HauyatTraditional knowledge meets Western science on the central coast of British Columbia
Hauyat is a quiet inlet along the central coast of British Columbia, sheltered from the wild swells of the open Pacific Ocean, about 400 kilometers north of Vancouver. An outsider may see few traces of human habitation on the landscape, but the ancestors of the Heiltsuk Nation lived here for millennia, managing the landscape and cultivating a deep connection between people and place. People stopped living at Hauyat in the 20th century, but many still visit and recall childhoods spent here, in the words of one elder, learning how to be Heiltsuk. Today, many Heiltsuk live nearby in the small village of Bella Bella, which has been in the news more than usual of late. In September, it was the site of a royal visit by Prince William and Duchess Catherine. In October, the US articulated tugboat Nathan E. Stewart ran aground nearby, spilling diesel into the surrounding waters for a month before crews finally salvaged it on November 14.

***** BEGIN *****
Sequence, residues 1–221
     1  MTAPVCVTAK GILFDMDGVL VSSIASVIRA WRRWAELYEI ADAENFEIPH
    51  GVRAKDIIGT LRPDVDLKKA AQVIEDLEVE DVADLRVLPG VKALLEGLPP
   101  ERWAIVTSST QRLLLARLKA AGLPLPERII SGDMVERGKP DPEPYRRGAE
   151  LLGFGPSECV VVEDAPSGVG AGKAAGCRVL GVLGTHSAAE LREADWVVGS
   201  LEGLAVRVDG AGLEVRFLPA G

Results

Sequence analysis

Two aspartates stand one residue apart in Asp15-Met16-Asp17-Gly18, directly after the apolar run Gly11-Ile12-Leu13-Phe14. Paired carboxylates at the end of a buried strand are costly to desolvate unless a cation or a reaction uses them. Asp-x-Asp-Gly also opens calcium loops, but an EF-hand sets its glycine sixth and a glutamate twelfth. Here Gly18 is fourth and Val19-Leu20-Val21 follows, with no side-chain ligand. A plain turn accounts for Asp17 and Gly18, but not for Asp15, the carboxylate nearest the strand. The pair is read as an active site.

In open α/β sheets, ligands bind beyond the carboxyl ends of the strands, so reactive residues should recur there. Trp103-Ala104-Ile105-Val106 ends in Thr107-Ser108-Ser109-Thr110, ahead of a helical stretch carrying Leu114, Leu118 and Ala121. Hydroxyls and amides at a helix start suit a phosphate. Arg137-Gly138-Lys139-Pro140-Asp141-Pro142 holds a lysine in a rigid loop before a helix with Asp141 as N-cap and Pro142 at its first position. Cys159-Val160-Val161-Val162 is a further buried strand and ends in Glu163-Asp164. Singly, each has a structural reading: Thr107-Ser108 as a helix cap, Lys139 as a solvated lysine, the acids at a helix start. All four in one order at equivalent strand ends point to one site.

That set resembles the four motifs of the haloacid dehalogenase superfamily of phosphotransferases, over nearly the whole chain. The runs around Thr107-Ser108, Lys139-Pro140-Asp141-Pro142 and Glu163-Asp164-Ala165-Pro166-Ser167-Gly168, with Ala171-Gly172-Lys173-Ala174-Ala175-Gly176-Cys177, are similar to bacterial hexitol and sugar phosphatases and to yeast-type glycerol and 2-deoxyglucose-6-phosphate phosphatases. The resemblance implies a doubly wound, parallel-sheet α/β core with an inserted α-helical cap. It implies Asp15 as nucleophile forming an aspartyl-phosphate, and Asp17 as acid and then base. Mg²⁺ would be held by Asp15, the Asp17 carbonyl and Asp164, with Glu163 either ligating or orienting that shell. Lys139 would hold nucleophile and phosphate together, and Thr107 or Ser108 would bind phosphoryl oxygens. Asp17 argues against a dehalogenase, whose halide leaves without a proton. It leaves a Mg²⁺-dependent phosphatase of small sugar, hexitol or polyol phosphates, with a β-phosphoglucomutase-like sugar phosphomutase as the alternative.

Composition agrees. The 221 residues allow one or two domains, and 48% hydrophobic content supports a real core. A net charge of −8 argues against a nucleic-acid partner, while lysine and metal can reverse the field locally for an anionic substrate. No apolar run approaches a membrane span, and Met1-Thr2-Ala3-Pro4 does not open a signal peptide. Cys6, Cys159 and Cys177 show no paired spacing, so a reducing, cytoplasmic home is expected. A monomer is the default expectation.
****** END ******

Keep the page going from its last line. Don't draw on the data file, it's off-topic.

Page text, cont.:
This video explores the importance of this coastal place to the Heiltsuk and highlights an ongoing collaborative project that combines Western science with traditional knowledge to tell the story of Hauyat.
Synopsis from the trailer:https://diasp.org/posts/5993306
Located on the northern end of Hunter Island near the modern day Heiltsuk community of Bella Bella, the long-standing Heiltsuk connection to Hauyat is evident—from mountaintop to ocean floor, and from the archaeology, oral traditions, and people’s memories.
In collaboration with and guided by the Heiltsuk community and the Heiltsuk Integrated Resource Management Department, archaeologist Dana Lepofsky and her team are combining a variety of data and knowledge sources to arrive at a richer understanding of Hauyat’s past and continued ties to the local community today.
“The mystery of this place is really just waiting to be told. What you find is that people have lived here for thousands and thousands of years. You’re standing on 6,000 years of terraces of house platforms—in this unbelievable spot with this commanding view of this entire watershed, the watershed of Hauyat. So what we’re doing is trying to peel back that past, listen to the stories, the memories of people today, and also the stories that are told in the ground, and put that together and tell the history of Hauyat,” says Lepofsky, a Hakai affiliate and professor at Simon Fraser University.